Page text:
By Alex Eng,
‘We found, as a council, that while we’re rapidly trying to grow our digital franchise, we’re leaving our print franchise in the dust. We’re ignoring those customers.’
—Mark French, Advertising director
The Republican, Springfield, Mass.
Mark French and his advertising colleagues conducted their presentation as a working, interactive session with their audience.
Local publishers and salespeople discussed new strategies to raise advertising and other revenue for local newspapers, at a discussion organized by the New England Newspaper and Press Association’s Marketing and Advertising Council.
After soliciting ad and revenue-raising ideas from local newspapers since last fall, the Marketing and Advertising Council put together a “Thriving Not Surviving: Great Ideas Survey Results” booklet and used it as a basis for the discussion on new ad ideas for local newspapers.
The discussion, titled “Thrive; Don’t Just Survive!”, was led by Mark French, advertising director at The Republican of Springfield, Mass., and centered around new approaches to print newspaper ad sales amid the rise of digital content. The discussion took place at NENPA’s winter convention in the Boston Marriott Long Wharf hotel.
“We found, as a council, that while we’re rapidly trying to grow our digital franchise, we’re leaving our print franchise in the dust,” French said. “We’re ignoring those customers.”
French said print ad salespeople need to revisit their rates and product lines and to make sure that sales staffs are aware of all the different ad products their newspapers sell to clients.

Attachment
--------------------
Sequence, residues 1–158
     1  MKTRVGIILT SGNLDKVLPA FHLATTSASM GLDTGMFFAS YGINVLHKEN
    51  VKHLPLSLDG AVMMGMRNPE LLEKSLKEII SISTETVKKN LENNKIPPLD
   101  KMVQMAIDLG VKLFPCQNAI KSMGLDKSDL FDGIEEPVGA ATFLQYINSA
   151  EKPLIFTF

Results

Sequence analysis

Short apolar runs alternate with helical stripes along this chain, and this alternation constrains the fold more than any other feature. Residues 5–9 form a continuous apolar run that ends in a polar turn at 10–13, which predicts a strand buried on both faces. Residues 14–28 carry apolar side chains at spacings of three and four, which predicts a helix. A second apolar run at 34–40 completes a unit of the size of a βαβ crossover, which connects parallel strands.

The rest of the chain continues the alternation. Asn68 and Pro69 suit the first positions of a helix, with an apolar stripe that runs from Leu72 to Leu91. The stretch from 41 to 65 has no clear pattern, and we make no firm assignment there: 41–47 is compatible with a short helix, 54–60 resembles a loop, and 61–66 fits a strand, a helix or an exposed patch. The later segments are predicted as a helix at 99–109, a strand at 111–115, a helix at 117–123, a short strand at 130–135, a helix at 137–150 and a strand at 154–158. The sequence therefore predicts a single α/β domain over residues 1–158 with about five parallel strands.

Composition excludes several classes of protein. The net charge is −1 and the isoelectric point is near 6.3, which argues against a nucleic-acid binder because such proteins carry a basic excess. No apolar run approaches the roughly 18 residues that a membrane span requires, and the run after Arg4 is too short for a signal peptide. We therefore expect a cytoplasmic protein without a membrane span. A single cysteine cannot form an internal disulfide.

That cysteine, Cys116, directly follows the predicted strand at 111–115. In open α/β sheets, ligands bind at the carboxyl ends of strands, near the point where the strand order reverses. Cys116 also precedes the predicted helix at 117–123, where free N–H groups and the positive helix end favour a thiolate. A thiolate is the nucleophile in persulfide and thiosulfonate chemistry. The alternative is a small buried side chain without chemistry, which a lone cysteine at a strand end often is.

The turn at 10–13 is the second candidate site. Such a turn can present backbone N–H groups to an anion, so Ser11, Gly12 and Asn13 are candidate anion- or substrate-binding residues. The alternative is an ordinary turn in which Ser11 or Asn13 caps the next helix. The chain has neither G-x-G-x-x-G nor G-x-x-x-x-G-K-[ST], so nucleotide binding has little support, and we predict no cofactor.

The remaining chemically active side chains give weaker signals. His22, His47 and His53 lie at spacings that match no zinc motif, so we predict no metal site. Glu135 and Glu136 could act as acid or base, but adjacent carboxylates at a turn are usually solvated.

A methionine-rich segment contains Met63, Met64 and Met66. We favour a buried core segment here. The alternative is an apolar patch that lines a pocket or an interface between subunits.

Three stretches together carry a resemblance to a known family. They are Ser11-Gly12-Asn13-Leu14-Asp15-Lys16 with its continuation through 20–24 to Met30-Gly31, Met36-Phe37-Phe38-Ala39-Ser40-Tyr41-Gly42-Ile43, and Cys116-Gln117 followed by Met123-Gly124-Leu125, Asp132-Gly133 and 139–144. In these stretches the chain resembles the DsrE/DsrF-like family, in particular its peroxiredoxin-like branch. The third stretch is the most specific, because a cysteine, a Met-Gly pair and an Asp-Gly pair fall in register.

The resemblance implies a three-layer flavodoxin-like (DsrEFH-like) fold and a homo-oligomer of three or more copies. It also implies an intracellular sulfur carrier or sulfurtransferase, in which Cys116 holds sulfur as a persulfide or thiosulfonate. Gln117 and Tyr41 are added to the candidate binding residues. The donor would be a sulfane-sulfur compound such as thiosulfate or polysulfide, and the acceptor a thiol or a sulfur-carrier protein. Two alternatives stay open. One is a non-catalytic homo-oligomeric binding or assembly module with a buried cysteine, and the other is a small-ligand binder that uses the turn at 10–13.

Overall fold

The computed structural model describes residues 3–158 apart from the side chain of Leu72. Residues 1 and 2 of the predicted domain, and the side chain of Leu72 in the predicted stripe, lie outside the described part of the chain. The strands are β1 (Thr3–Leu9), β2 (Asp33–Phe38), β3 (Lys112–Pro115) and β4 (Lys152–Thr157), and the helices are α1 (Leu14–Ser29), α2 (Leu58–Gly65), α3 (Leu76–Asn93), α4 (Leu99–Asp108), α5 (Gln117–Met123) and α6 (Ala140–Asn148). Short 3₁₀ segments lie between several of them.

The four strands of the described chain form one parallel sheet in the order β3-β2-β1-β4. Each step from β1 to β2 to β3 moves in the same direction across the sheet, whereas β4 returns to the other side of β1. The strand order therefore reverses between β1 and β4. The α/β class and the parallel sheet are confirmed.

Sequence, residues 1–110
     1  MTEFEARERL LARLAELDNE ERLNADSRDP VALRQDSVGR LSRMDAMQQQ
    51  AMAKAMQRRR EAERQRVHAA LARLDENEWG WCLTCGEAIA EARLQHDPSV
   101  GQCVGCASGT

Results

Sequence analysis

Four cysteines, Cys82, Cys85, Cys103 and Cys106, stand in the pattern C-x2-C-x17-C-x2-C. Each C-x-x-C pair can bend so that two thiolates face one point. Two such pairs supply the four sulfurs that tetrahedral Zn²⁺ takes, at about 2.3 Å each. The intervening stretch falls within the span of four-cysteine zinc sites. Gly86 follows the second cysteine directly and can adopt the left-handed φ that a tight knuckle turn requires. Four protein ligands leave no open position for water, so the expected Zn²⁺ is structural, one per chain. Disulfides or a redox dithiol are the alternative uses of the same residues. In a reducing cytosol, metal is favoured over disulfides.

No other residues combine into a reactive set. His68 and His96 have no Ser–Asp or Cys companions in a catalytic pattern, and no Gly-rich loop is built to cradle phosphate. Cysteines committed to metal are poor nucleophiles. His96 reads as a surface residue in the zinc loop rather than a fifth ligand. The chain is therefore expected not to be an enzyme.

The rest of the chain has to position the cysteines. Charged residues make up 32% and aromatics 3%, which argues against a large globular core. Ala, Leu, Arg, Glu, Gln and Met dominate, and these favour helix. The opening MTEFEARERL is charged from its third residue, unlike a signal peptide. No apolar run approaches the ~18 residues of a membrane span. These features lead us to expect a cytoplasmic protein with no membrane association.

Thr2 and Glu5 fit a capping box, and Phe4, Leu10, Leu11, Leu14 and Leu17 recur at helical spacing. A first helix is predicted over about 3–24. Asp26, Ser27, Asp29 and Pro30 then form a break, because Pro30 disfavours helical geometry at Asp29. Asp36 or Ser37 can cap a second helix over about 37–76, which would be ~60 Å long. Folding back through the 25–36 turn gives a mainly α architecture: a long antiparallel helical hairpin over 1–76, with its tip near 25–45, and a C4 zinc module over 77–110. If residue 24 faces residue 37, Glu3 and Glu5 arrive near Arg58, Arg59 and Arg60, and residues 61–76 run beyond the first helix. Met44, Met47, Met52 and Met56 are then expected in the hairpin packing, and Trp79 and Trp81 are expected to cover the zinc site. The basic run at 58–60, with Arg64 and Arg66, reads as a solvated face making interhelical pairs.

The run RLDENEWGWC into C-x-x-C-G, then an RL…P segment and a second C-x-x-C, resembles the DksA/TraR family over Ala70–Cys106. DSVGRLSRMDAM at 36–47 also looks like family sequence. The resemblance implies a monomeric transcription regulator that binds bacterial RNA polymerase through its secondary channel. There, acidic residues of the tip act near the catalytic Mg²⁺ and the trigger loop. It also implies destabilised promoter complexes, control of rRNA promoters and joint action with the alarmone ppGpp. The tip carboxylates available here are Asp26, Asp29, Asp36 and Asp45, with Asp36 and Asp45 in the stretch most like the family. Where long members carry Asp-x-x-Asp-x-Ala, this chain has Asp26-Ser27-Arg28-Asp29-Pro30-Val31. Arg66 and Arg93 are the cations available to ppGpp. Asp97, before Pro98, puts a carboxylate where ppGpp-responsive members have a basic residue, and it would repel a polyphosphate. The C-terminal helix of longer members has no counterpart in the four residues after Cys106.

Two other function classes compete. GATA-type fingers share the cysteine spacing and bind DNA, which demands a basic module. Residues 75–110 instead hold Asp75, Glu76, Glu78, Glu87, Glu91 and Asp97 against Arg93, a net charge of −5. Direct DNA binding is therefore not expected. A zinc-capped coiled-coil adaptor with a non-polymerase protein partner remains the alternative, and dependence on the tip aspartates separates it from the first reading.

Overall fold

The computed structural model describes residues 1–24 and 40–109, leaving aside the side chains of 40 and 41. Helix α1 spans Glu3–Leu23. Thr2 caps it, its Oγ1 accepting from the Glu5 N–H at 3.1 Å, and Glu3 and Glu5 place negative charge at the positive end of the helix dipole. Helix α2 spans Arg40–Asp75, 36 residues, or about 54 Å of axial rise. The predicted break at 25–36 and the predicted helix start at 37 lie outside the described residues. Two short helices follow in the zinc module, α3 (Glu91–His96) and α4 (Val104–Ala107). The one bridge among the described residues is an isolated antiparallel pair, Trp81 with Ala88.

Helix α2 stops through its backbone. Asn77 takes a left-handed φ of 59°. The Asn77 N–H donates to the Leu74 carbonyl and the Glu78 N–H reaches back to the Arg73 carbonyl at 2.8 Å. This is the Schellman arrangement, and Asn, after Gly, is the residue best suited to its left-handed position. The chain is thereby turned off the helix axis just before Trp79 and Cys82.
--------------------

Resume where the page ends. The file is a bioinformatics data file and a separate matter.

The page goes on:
The discussion, attended by about 70 people, included a few novel strategies that successfully led to increased ad revenue at various New England newspapers.
One strategy was reaching out to nonprofits and pitching ad sales as helping those organizations reach large audiences captured by local dailies and weeklies across the region in a way that could not be done by nonprofits alone.
For example, the Republican partnered with the Naismith Memorial Basketball Hall of Fame to run ads targeting local and professional basketball teams 125 days in advance of the Hall of Fame’s celebration of the 125th anniversary of the invention of basketball by physical education instructor James Naismith in Springfield. French said the Republican took advantage of the paper’s circulation to convince the nonprofit that partnering with the Republican would be less expensive and more useful in reaching a large audience than doing so itself.
French said that because nonprofits can apply for certain state and federal grants based on the nature of the services they provide, the nonprofits can obtain government aid to offset the cost of purchasing ad buys with newspapers.
“If you can get those funds with a nonprofit, and work out a program, then they can get state funds in return,” French said.
French included that possibility when pitching the ad buy to the Basketball Hall of Fame, which brings in significant tourism revenue for the state. In the end, the Republican’s Hall of Fame ad pitch paid off to the tune of $67,000.
French said ad salespeople need to improve the creativity of their product lines in addition to expanding those lines beyond the traditional quarter-, half-, or full-page print ads priced by the inch.